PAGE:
It is commendable that during 2016 the local mining industry was able to generate N$25 billion to contribute to the State Revenue Fund. This feat was achieved despite depressed global commodity prices and despite volatile financial markets.
This was said yesterday by Minister of Mines and Energy Obeth Kandjoze when he officially opened the sixth annual Mining Expo and Conference at the Windhoek Showgrounds yesterday. The Mining Expo and Conference runs until today and is open to the general public free of charge.
The theme for this year’s Expo is ‘Reaping the Benefits of Mining Investment in Namibia’. Despite the industry’s solid performance in the face of global challenges, Kandjoze noted that it is “disheartening” to see the level of participation of Namibians in domestic mining activities.
Mentioning that the majority of Namibians are structurally excluded from benefiting from the mining economy, Kandjoze said the New Equitable Economic Empowerment Framework (NEEEF) is an opportunity to change the status quo.
“The Draft NEEEF Bill has been submitted to the Office of the Prime Minister, whereafter it will still be subjected to legal scrutiny and then will be submitted to Cabinet for final approval. This entire process should take between four to six months,” Kandjoze said.
According to the president of the Chamber of Mines, Kombadayedu Kapwanga, who was present at the Expo opening, the chamber has been actively involved in private sector consultations with government regarding NEEEF.
“The chamber formally made submissions to the Law Reform and Development Commission and to the Office of the Prime Minister in August 2016. The outcome of NEEEF is still uncertain, though we have it in good faith that government is cognisant of the sector’s concerns with the current version of the Bill,” Kapwanga said on Tuesday evening during the Chamber’s annual general meeting.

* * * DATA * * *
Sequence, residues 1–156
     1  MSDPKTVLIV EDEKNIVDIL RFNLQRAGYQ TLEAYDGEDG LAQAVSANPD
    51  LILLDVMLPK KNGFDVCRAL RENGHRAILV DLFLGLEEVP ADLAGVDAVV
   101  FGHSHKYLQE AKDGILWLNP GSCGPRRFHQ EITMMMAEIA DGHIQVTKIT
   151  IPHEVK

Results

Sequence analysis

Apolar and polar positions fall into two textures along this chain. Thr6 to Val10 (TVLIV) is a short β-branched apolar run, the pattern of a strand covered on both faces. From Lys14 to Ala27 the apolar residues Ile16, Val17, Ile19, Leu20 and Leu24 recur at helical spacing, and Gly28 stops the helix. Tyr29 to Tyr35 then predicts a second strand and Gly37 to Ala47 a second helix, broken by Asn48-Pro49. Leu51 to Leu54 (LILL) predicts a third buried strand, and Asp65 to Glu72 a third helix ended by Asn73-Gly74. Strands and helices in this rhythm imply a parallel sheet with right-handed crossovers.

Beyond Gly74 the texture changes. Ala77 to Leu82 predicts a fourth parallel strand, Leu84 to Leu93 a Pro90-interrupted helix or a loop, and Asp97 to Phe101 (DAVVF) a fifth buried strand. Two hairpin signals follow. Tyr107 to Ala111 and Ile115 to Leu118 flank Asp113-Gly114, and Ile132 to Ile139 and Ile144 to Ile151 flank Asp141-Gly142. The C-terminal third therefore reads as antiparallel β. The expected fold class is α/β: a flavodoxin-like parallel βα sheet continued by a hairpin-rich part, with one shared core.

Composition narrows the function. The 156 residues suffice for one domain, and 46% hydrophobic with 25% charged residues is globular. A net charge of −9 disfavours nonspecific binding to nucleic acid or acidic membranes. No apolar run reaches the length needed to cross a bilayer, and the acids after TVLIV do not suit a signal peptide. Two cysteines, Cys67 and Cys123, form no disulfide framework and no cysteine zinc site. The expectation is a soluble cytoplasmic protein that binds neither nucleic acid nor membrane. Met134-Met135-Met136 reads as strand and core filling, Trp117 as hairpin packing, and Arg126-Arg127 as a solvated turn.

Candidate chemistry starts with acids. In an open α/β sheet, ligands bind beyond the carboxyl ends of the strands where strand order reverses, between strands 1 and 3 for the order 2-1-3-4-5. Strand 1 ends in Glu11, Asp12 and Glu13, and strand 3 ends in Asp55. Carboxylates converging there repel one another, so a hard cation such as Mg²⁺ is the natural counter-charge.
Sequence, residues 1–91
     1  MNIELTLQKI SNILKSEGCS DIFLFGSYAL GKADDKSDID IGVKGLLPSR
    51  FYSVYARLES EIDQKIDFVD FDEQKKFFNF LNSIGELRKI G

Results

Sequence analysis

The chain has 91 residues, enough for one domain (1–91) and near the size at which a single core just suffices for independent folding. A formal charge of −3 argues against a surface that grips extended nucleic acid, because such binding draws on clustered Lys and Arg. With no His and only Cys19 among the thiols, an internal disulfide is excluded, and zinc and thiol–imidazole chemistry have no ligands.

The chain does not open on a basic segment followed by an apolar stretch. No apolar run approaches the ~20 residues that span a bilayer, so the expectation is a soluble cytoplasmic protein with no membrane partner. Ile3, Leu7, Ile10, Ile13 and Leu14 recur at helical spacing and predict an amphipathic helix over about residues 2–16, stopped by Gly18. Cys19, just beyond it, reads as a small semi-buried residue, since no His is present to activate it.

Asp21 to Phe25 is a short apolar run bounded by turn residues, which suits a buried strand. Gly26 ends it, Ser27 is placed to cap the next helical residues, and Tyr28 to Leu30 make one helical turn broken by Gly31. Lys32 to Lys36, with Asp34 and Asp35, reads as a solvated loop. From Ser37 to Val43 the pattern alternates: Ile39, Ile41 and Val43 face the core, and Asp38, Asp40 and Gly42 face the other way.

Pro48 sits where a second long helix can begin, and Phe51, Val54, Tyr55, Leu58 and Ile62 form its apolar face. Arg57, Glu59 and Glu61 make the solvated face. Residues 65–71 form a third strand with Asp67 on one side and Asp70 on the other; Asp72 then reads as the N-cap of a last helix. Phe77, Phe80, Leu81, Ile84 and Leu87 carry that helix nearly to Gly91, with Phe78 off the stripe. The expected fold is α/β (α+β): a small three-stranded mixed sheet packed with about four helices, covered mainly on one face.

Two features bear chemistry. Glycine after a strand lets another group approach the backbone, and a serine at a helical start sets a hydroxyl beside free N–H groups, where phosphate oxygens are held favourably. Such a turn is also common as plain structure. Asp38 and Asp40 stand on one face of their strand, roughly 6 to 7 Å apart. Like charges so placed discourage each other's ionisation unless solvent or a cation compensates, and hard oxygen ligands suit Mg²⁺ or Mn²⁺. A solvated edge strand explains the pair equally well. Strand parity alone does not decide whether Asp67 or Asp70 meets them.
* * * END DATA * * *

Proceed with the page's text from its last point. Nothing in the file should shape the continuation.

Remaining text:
During his presentation at the AGM, Kapwanga said the chamber is concerned that the continued uncertainties around NEEEF will further worsen Namibia’s rankings in the Frasier Institute reports.
“We therefore wish to appeal to government to expedite this matter to ensure an amicable outcome as soon as possible. The chamber hopes that government will adopt the constructive alternative proposals in NEEEF, which accommodate market fundamentals of the private sector and growth thereof, while implementing effective and pro-growth empowerment mechanisms,” Kapwanga stated.
Preliminary statistics for 2016 from the National Statistics Agency indicate that the mining sector made a direct contribution of 11.1 percent to Namibia’s Gross Domestic Product, but contracted by 6 percent in real terms.
The contraction was primarily due to a decline in diamond output and base metal production, specifically for zinc and lead.